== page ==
Jun 17, 2016

The Giver

The Giver (2014) just showed up on my Netflix recommendations.   It was about a teenager who "thinks thinks" in a conformist dystopia -- pretty much the protagonist of every young adult movie -- and discovers that "the adults are lying -- only real is real," pretty much the plot of every young adult movie.

But the boy has two friends, a boy and a girl, and there's something about a younger boy who also "thinks thinks," so I figured there would be some moments of gay-subtext buddy bonding, plus the muscular Brenton Thwaites shirtless in at least one scene.

Thwaites plays Jonas, who, along with his inseparable childhood chums Asher (Cameron Monaghan) and Fiona (Odeya Rush), has just graduated to adulthood in a close-knit community with no name -- although there are others, according to the Chief Elder (Meryl Streep), who appears mostly in holograms.

It's like the Village in The Prisoner tv series, with sculpted grounds and lovely architecture, and everyone always polite to each other. with everyone constantly being monitored, drugged, and lied to. For instance, Jonas' father (Alexander Skarsgaard) has the job of testing newborn babies and killing the rejects -- but because of his daily drug injection, he believes that he is "sending them to Elsewhere," a beautiful Otherworld.

People who are too old to be productive citizens are also "sent to Elsewhere." Shades of Logan's Run.

Also, everything is in black and white, no one is taught the history of what happened before, and no one is allowed to fall in love.  Shades of Brave New World.

I wonder what their high school classes are like.

After their graduation, Asher is assigned a job as a drone pilot (shades of Star Wars),  Fiona goes to work at the baby-killing facility, and Jonas becomes the apprentice to the Giver (Jeff Bridges), an old man who lives in a cabin at the edge of the world and is the only person permitted to lie, be impolite, and remember the past.  He shares memories  of the past with Jonas by touching him.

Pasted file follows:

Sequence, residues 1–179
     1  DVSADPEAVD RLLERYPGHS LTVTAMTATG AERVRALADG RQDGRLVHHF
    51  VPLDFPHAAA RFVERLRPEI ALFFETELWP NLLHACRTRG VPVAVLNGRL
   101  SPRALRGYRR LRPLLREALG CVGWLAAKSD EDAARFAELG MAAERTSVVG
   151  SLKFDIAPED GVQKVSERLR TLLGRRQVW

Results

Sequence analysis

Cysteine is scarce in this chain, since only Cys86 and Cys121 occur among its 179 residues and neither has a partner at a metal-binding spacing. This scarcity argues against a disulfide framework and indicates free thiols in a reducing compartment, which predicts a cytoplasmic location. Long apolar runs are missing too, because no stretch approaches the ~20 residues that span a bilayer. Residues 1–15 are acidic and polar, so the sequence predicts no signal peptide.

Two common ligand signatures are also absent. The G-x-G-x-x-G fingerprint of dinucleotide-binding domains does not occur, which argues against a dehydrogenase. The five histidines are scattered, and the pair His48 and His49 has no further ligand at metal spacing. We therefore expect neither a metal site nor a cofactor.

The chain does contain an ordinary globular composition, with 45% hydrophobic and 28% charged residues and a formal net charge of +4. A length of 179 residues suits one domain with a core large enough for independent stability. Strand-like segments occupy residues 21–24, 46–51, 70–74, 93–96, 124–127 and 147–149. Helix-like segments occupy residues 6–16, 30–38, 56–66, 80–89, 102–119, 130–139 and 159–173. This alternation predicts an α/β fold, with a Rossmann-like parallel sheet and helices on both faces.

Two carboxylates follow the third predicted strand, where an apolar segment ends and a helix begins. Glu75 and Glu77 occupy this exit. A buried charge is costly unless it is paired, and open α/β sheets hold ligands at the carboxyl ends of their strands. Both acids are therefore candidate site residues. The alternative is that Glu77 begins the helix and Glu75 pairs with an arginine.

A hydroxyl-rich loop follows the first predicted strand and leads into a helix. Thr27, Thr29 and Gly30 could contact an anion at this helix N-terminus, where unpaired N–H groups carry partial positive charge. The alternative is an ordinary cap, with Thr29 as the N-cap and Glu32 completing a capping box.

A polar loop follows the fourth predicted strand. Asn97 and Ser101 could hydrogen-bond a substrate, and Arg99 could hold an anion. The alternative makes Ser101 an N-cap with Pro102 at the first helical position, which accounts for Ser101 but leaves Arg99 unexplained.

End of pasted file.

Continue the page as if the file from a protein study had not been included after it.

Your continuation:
The memories are of everyday events from "back and back and back":  a gypsy wedding; a Jewish Shabat; some kind of Hindu festival; someone riding a sled to a cabin with a Christmas tree; and lots of people laughing and hugging and kissing.

The past was great!  Jonas concludes.  People felt things then!  They experienced love!

Trying to feel what they felt in the past, he stops taking his daily drugs, and becomes aware of the horrors of the Village.

His parents brought home a new baby, Gabe, but it failed its Maturity Test, and so must be sent "to Elsewhere."  Jonas knows what that really means, and vows to save Gabe.

He asks Asher and Fiona for help.  Guess which one helps, and which one rushes off to tattle to the Elders?

Yep -- guys always betray you, girls are true blue.

Freudians say that the goal of adolescence is to move from the "latent homosexuality," with same-sex pals, to "mature" heterosexual love.  It's complete garbage, of course, but this movie is definitely selling it.

So Jonas grabs the baby and rushes out of the Village, down the steep cliffs, and into the northern California wilderness, being pursued by a murderous Asher (who relents at the last minute and just throws him into a river to drown instead of zapping him).

He didn't bring any baby food or diapers, but Gabe doesn't complain through at least 24 hours of falling off cliffs, nearly drowning, and finally sledding through the snow.  Their fate is ambiguous; presumably they freeze to death.

BUT: Jonas' defection has somehow turned off the memory-zapping device, and now everyone remembers things that happened long before they were born.  So the world is saved.

I guess.  I don't understand it, either.  I'm still angry that EVERY young adult movie is about a Boy and a Girl falling in love, with the Male Friend, when he is present at all, turning into a betrayer.

By the way, nobody takes their shirt off.

See also: Logan's Run;